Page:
Approaches To Reduce Carbon Emissions

Carbon dioxide (CO2) is a non-toxic, odorless gas produced as a byproduct of carbon combustion and living organisms’ respiration. It is classified as a greenhouse gas because it traps heat in the atmosphere. The term “emissions” refers to releasing greenhouse gases and/or their precursors into the atmosphere over a particular geographical area and for a certain amount of time.

Due to emerging technology, we got to know that emissions of carbon dioxide, also known as CO2 emissions, are those that are produced when fossil fuels are burned, as well as when cement is manufactured.

These emissions include the carbon dioxide produced during the consumption of solid, liquid, and gas fuels, as well as the carbon dioxide produced when gas is flared. But mostly they consist of carbon emissions.

The entire amount of greenhouse gases (such as carbon emissions and methane) produced as a result of our activities is referred to as our “carbon footprint.” Similarly, the amount of carbon used or emitted due to a human being throughout his lifetime is called the human carbon footprint.

The United States has one of the world’s most considerable per capita carbon footprint rates, with the average individual leaving behind 16 tons of carbon dioxide emissions. On a global scale, the typical carbon footprint is about four tons.

What is Carbon Emissions?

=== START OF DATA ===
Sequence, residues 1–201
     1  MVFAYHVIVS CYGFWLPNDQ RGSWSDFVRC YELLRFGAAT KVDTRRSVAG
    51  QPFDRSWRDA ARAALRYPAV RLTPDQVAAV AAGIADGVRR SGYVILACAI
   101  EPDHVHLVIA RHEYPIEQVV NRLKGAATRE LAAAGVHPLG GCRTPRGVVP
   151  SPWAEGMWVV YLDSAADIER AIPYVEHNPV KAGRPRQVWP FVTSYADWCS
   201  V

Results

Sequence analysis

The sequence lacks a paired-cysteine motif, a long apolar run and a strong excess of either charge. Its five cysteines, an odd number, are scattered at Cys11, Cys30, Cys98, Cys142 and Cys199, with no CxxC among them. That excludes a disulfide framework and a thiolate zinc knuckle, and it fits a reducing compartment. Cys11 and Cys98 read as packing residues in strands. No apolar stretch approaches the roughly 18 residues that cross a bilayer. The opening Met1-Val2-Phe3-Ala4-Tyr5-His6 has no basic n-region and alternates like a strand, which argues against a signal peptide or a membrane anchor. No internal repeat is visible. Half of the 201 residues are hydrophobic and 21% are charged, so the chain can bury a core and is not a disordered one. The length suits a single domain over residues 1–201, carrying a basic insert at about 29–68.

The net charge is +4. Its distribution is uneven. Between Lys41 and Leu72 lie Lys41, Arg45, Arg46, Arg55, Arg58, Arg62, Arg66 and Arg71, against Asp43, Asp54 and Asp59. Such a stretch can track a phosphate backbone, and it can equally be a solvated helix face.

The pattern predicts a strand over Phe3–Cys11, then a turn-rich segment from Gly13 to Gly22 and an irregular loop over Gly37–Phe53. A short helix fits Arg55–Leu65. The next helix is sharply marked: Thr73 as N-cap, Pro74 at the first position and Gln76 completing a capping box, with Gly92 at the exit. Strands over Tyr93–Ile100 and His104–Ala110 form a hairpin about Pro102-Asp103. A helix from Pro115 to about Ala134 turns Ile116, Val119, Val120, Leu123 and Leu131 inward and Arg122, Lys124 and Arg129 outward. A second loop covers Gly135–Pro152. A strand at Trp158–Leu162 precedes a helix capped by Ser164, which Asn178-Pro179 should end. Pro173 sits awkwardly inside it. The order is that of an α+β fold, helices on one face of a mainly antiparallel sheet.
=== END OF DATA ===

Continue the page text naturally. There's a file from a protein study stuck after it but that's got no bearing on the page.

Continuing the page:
Carbon dioxide emissions are the primary driver of global climate change. When we burn fossil fuels (such as coal, oil, and natural gas), produce materials like steel, cement, and plastics, and grow the food we eat, we release carbon dioxide (CO₂) and other greenhouse gases into the atmosphere. These emissions trap heat, leading to rising temperatures, extreme weather events, and disruptions to ecosystems. To mitigate the impacts of climate change, urgent efforts are needed to reduce emissions by transforming our energy systems, industries, and food production.

Calculating Carbon Emissions

Calculating carbon emissions involves understanding the sources and their impact. Here are some methods:

Home Energy Usage:

  • Natural Gas: Multiply your total monthly gas usage (in cubic feet) by 0.12 pounds of carbon.
  • Electricity: Use the Greenhouse Gases Equivalencies Calculator to estimate emissions based on electricity consumption.

Transportation:

  • Vehicle Emissions: Estimate the total miles you drive per month and divide by your car’s miles per gallon (MPG).
  • Air Travel: Use online calculators to determine emissions from flights.